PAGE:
There’s nothing the folks over at CityCaucus hate more than environmental do-gooders, especially do-gooders with US links.
And there’s nothing they like better than hypocrisy, their own being top of the list.
Up on the NPA affiliated website today you’ll find another screed attacking the Tides Foundation for their filthy rotten attempts at funding environmentally friendly projects in Vancouver. There’s something nasty about this because the project may involve the city, CityCaucus hints in the darkest of whispers….
“It turns out that one Seattle-based organization, the Bullitt Foundation, is providing goodly sums of cash that may have gone to a City of Vancouver initiative – to become the world’s greenest city – by giving it to Tides Canada…”
How do they know this is bad? Because Tides won’t return their email, telling them who is getting the money. So CityCaucus speculates, wildly: “Tides Canada has been asked by e-mail about how the $50,000 from the Bullitt Foundation was spent. Did it go to Vision Vancouver or to the Greenest City Action Team (GCAT)? So far, no reply”.
It might help if CityCaucus learned how to use Google. I know a four year old who could teach them and comes cheap.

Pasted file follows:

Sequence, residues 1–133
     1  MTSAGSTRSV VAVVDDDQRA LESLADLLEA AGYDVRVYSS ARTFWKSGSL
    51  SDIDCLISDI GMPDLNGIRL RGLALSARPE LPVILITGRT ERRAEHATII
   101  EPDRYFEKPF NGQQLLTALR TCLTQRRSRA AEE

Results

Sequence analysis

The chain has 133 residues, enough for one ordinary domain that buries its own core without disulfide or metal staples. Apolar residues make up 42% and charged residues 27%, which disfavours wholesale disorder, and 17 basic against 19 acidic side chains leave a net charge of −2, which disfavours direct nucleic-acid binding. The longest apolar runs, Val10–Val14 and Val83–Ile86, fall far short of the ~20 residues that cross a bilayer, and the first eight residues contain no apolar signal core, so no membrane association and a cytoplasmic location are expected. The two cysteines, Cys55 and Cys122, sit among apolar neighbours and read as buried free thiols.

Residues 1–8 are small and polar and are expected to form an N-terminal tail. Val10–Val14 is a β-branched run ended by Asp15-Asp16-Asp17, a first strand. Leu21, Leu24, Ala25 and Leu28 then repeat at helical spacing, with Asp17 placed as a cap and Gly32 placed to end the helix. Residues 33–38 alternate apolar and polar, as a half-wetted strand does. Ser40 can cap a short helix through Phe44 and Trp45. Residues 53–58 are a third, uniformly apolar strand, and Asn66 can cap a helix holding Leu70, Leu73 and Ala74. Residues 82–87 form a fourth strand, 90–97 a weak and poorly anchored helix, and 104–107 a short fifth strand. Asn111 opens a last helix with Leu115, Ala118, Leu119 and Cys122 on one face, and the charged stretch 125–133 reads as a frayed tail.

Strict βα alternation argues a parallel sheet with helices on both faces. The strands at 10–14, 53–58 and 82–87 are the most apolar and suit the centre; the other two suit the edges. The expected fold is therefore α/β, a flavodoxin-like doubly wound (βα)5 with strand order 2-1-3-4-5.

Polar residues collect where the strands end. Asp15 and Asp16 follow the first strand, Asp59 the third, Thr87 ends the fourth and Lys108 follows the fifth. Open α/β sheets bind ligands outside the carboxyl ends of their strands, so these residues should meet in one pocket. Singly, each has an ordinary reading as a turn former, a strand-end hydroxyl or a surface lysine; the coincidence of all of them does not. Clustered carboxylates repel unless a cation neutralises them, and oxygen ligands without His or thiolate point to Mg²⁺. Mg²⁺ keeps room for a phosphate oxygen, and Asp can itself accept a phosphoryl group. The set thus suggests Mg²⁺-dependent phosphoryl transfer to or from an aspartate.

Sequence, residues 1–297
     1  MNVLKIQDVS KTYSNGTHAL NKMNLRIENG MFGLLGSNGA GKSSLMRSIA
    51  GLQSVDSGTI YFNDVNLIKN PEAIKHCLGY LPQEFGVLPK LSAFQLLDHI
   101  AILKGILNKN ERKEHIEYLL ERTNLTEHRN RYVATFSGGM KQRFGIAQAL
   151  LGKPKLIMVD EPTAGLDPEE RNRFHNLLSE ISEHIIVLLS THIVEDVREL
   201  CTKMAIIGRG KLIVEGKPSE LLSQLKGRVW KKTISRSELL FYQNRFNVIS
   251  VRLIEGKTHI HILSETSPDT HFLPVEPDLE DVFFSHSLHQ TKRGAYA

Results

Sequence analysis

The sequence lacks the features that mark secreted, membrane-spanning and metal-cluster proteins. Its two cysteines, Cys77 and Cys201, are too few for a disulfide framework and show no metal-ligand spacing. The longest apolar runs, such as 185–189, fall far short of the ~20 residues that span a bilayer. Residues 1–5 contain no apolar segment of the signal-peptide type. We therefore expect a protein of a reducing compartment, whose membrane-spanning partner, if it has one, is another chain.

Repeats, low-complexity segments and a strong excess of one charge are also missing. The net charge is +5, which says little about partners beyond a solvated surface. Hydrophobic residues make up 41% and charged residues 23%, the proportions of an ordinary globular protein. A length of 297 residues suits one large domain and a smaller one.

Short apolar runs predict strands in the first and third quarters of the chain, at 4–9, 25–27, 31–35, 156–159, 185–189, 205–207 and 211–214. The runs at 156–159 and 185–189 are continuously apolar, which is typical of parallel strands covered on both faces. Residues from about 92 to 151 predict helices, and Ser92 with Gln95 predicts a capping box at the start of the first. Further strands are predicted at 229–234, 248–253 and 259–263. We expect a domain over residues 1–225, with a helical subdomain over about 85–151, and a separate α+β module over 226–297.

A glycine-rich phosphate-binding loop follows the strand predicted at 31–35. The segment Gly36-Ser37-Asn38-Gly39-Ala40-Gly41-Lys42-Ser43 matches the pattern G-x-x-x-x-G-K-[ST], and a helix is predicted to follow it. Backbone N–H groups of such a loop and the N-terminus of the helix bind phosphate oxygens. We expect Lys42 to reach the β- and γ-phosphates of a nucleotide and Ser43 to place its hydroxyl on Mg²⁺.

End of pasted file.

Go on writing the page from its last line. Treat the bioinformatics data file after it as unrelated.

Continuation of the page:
Turns out Tides Canada issued a press release on January 17th about the idea. They’re working with that other agent of darkness, the Vancouver Foundation as well as the City of Vancouver to explore the possibility of setting up a fund to build “a partnership of businesses, local non-profits, individual and institutional philanthropists and local government” to “support new models of green innovation that can bolster our economy, address social inequities and improve our environment.”
The Bullitt Foundation provided $50,000 to Tides to assess the viability of the fund.
Turns out as well, that this isn’t the first example of this kind of partnership approach.
In 2007 the NPA council passed a motion to set up – on the advice of Ken Dobell – the Vancouver Homelessness Foundation and provide the foundation with 12 city owned housing sites across Vancouver. Dobell landed on the foundation model because it could partner with other governments and the private sector to fund the housing units that were supposed to be built on the sites.
The plan could have used a feasibility study like the one Tides is doing because the private dough never turned up as Dobell planned. But an American hire got a good short term gig heading up the Foundation at $210,000 a year.